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Two Hands

Walt Disney Studios Home Entertainment // R // December 6, 2005
List Price: $29.99 [Buy now and save at Amazon]

Review by Scott Weinberg | posted December 15, 2005 | E-mail the Author
The Movie

An enjoyably grungy and entirely engaging little crime thriller you've probably never heard of, Gregor Jordan's Two Hands qualifies as a bona-fide pleasant surprise. The DVD case informed me that the 1999 Australian flick stars Heath Ledger and Bryan Brown, and also that it was directed by the guy who'd go on to helm Buffalo Soldiers (which is damn good) and Ned Kelly, which is NOT as bad as you've heard.

So I sat down expecting some sort of mega-flashy, yet patently Oz-centric, take on Trainspotting, and was quite pleasantly surprised by Jordan's tight-fisted and efficient style of storytelling. Two Hands might not be the most unique crime story ever told, but it's more than engaging enough to warrant a 3-dollar rental and a 90-minute sit-down.

Heath Ledger plays a go-nowhere kid named Jimmy who (unwisely) accepts a simple courier gig from a local thug-boss called Pando. Jimmy is asked to deliver $10,000 to one of Pando's contacts and receive 500 bucks for his efforts.

To say that things go monumentally wrong would, of course, be a massive understatement. Upon discovering this his contact is unavailable, Jimmy heads down to the beach to kill an hour or two, but he (very stupidly) decides to go for a dip in the surf. When he returns, Jimmy finds that his 10 grand has been stolen by a pair of rotten kids.

Thus begins a circuitous and smoothly slick series of misadventures in which Jimmy is required to replace Pando's 10k ... by any means necessary. Along the way he'll have to contend with lowlife bank robbers, pissed-off henchmen, numerous greedy oddballs, and a lovely little blondie who just might represent our hero's salvation.

Clocking in at a trim 89 minutes, Two Hands doesn't waste much time getting to the meat of the matter. Jordan employs an entertaining little gimmick that sees several of the peripheral characters crossing each other's paths ... and not even knowing it. Misfortune piles on top of bizarre coincidence, and the result, more often that not, is not good news. Plus there are a handful of true "I didn't see THAT coming!" moments, which only serve to help you pay close attention to the onscreen action.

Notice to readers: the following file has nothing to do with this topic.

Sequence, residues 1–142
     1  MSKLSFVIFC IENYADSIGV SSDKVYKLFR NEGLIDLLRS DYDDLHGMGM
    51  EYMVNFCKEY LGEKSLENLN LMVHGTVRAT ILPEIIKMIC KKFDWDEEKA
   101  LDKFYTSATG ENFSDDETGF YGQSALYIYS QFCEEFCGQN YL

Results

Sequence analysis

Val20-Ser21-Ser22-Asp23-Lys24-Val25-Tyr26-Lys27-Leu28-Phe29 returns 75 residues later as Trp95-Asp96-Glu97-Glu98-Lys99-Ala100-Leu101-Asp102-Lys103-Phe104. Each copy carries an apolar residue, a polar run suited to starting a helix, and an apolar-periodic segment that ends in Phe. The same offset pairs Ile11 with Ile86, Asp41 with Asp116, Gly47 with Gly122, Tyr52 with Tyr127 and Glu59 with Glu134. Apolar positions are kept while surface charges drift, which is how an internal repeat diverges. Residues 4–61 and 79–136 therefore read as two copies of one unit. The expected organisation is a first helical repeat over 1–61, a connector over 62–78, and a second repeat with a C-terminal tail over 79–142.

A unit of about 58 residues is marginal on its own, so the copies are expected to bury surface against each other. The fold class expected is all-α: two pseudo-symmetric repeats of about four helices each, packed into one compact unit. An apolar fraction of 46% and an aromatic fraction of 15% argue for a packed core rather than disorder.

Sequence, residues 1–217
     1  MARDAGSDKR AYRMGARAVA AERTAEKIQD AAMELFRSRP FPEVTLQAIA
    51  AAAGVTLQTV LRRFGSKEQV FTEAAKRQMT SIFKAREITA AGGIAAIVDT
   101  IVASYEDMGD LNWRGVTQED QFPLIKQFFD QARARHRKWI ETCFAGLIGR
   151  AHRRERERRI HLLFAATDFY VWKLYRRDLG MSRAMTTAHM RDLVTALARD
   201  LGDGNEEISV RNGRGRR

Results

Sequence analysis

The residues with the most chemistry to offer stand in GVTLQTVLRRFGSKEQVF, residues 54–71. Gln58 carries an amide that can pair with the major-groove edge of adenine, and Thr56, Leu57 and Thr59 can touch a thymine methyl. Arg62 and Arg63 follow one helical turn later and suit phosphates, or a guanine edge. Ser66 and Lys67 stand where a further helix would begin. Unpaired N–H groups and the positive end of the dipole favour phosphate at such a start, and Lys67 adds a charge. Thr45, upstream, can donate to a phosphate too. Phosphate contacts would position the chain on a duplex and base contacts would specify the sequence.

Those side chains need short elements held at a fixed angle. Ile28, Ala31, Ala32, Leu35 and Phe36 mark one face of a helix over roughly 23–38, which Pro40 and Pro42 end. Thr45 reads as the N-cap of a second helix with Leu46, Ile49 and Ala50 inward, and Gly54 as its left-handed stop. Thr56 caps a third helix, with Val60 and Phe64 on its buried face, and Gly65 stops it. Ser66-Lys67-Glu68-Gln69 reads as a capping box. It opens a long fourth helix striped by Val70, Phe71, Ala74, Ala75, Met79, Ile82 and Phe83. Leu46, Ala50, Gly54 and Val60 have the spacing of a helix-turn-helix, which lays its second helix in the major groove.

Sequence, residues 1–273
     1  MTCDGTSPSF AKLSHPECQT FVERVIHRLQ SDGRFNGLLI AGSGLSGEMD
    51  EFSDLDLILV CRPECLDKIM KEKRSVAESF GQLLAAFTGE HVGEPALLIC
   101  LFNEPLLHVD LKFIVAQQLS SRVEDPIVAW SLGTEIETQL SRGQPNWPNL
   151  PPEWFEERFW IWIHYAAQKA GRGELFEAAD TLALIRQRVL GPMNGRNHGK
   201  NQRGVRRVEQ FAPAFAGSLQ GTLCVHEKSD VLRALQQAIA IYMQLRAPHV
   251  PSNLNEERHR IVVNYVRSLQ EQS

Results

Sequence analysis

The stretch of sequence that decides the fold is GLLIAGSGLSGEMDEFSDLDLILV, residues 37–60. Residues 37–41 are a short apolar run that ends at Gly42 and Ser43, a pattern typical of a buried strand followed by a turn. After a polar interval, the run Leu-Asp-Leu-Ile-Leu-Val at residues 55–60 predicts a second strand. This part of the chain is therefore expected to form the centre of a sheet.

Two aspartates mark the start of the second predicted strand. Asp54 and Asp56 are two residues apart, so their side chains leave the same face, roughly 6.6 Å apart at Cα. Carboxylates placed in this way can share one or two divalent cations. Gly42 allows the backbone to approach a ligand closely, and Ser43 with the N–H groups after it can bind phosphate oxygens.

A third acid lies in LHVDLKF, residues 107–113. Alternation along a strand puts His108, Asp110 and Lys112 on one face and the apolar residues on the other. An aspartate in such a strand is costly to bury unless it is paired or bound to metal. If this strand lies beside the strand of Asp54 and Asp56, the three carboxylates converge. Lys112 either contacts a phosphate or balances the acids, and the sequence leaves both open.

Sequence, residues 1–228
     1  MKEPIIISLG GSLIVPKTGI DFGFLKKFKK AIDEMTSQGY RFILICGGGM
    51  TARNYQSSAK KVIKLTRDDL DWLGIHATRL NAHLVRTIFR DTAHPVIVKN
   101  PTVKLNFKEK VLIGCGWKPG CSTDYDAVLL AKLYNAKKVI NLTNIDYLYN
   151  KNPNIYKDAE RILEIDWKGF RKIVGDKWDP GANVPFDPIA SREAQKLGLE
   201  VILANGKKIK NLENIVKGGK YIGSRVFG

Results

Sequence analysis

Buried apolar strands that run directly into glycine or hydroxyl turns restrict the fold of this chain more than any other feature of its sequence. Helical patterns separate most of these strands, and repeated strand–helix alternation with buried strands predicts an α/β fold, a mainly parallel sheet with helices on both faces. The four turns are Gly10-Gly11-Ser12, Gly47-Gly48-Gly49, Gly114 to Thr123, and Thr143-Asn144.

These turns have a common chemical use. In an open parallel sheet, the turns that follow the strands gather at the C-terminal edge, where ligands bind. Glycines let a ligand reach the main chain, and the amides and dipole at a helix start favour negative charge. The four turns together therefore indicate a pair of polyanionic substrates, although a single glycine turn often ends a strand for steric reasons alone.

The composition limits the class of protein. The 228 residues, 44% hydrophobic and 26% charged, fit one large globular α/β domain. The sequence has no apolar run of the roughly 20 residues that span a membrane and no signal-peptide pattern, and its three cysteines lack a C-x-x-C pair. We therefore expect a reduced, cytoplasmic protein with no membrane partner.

Darkly funny, surprisingly compelling, and packed with one or two nifty surprises, Two Hands succeeds not because of its "crazy criminals" conceit, but because of Jordan's slick and efficient filmmaking, two excellent performances by Ledger and Brown, and that always-welcome air of offbeat Aussie attitude.

The DVD

Video: It's a fairly scuffed-up widescreen (1.85:1) transfer, which either adds to the grittiness of the flick or speaks to a lack of effort on the part of Miramax DVD. Either way, the movie looks more than clean enough to enjoy, but it's not exactly "reference quality" we're talking about here.

Audio: Dolby Digital 5.1 Surround, with optional subtitles in English and Spanish. (I highly recommend using the English subs, because there's a lot of Aussie slang and enjoyably authentic accents.)

Extras: Just a trailer for Mr. Ledger's The Brothers Grimm.

Final Thoughts

I sit through so many awful crime stories that when a tight little tale like Two Hands shows up, I consider it a welcome guest indeed. Call it a bargain-bin baby or a cable-flick time-filler if you like, but the movie's a pretty fun time, provided you have a taste for Aussie cinema and you don't mind a few tasty leftovers.

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